Vol. IX No. 18 - Tuesday
May 4 - May 10, 2010



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by Saichon Paewsoongnern


Automania by Dr. Iain Corness

Spanish GP this weekend

Catalunya Circuit, Spain

So should we pray for rain again? It seems that rain is the savior of F1, so yes, on the knees and ask for celestial sprinkles.

This is the fifth GP in the 2010 series, and there are certainly no firm favorites at this time. Young Vettel in the Red Bull can be blisteringly fast, but has only one win. Nico Rosberg is currently in second place. By virtue of keeping his nose (and front wing) out of trouble.

Spain has a long history in GP racing, and the Catalunya circuit (aka Montmelo) was built just 20 km from Barcelona. It was actually the fourth circuit in, or near, Barcelona, which has some claim to being Spain’s capital of motor racing.

The Circuit Catalunya was opened in 1991, the 5 km circuit was quick and had both a wide range of corners and excellent facilities and viewing points. A temporary chicane was built at ‘Nissan’ (a very shallow curve) in 1994, but for 1995, ‘Nissan’ was straightened reducing the length of a lap to the 5 km length.

The race will be at 7 p.m. our time for what we all pray is a rain affected race!

Autotrivia Quiz

Last week I asked which driver repaired his broken chassis with wood from his hotel furniture in the Paris-Vienna race, finishing 12th with no clutch, no exhaust pipe and only one gear? Clue: 1902. It was British racer Charles Jarrott (1877-1944), whose motto was “Always finish!”

And so to this week. Which driver, who set a world land speed record was addicted to Fair Isle pullovers?

For the Automania FREE beer this week, be the first correct answer to email [email protected]

Good luck!


Renault-Nissan cuddles up to Daimler

The auto industry has always been incestuous and now Renault-Nissan and Daimler have joined forces in swap deal to cut product costs.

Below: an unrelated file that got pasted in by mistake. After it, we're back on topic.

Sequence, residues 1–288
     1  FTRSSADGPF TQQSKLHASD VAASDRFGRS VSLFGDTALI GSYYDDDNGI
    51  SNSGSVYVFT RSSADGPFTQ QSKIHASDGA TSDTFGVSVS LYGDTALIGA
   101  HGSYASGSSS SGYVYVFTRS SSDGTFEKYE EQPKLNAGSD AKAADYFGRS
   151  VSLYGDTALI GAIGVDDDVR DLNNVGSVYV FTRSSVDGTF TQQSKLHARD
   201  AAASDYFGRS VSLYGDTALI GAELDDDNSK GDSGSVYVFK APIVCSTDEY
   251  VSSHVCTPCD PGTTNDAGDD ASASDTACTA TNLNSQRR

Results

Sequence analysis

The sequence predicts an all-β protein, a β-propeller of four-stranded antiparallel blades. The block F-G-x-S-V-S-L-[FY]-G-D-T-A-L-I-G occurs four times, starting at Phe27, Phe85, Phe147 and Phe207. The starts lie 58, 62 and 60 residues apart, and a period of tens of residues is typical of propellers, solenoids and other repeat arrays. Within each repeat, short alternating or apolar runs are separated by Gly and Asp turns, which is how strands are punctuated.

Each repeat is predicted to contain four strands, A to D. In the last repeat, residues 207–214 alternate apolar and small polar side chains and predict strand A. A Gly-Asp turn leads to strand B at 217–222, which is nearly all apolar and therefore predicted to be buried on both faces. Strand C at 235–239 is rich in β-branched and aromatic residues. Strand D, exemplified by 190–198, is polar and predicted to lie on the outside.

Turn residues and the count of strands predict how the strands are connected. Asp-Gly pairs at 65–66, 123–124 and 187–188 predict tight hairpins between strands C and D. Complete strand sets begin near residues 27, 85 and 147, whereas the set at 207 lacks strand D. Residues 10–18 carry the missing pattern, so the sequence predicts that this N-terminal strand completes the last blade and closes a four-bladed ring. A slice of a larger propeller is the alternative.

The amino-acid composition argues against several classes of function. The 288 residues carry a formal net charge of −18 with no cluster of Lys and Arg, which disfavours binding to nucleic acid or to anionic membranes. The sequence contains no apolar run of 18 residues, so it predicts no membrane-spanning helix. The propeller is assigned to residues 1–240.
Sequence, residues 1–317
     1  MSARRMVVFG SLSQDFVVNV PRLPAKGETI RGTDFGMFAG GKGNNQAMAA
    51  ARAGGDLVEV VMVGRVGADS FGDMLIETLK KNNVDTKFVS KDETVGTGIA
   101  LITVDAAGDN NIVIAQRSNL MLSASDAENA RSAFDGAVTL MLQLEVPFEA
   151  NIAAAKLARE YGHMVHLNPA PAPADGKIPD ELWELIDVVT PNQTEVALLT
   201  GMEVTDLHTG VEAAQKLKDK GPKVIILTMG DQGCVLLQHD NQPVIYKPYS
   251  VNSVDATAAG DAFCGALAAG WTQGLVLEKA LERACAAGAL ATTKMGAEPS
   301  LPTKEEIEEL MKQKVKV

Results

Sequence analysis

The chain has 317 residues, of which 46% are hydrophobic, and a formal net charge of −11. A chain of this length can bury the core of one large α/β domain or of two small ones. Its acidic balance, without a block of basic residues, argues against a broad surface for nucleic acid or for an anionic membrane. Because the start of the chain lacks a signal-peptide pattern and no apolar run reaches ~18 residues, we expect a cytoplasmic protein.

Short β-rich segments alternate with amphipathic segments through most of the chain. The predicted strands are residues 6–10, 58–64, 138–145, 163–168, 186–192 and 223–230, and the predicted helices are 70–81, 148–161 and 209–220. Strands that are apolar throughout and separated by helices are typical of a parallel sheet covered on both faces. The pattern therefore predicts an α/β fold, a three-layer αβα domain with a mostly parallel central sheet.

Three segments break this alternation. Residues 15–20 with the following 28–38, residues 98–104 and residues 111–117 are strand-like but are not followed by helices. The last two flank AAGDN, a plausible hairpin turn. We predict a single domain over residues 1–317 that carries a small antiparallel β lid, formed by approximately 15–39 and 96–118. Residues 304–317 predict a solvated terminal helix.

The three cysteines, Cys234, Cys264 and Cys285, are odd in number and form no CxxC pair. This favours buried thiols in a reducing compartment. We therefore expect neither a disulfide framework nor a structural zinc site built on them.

Ghosn and Zetsche

According to the overseas news, Renault’s next-generation Twingo city car and Daimler’s Smart will share a new common platform under a far-reaching strategic alliance signed by Renault-Nissan and Daimler AG that will also extend to swapping engines and collaboration on commercial vehicle development.

As part of the agreement, the automotive giants will each acquire a “symbolic” 3.1 percent cross-ownership of each other under a share-swap arrangement announced jointly by Daimler chairman Dieter Zetsche and Renault-Nissan Alliance chairman and CEO Carlos Ghosn in Brussels.

The cooperation - to be overseen by a 12-person board with equal representation from the three brands - is designed to slash development costs by up to €4 billion ($A5.75b) by 2015, as well as optimize production efficiency and cut C02 emissions, by sharing platforms, powertrains and parts sourcing.

Mercedes-Benz four and six-cylinder engines will be on offer to Renault-Nissan, while Benz will get three and four-cylinder petrol and diesel engines in return.

Among the engine deals already revealed are Mercedes-Benz engines for Nissan’s luxury Infiniti range, and a Renault-Nissan diesel engine for the Mercedes Vito van.

As well, the two groups will co-develop both diesel and petrol engines for the joint 2012 Twingo/Smart vehicle, which will be built jointly by Renault and Daimler - the two-door version at Renault’s Slovenian plant and the four-door at Smart’s Hambach factory in France.

Commercial vehicle co-operation will include a new entry-level van for Mercedes-Benz from 2012, based on a Renault design.

The alliance is expected to spawn new technical joint ventures between Nissan, Renault and Daimler in future when each company deems it advantageous.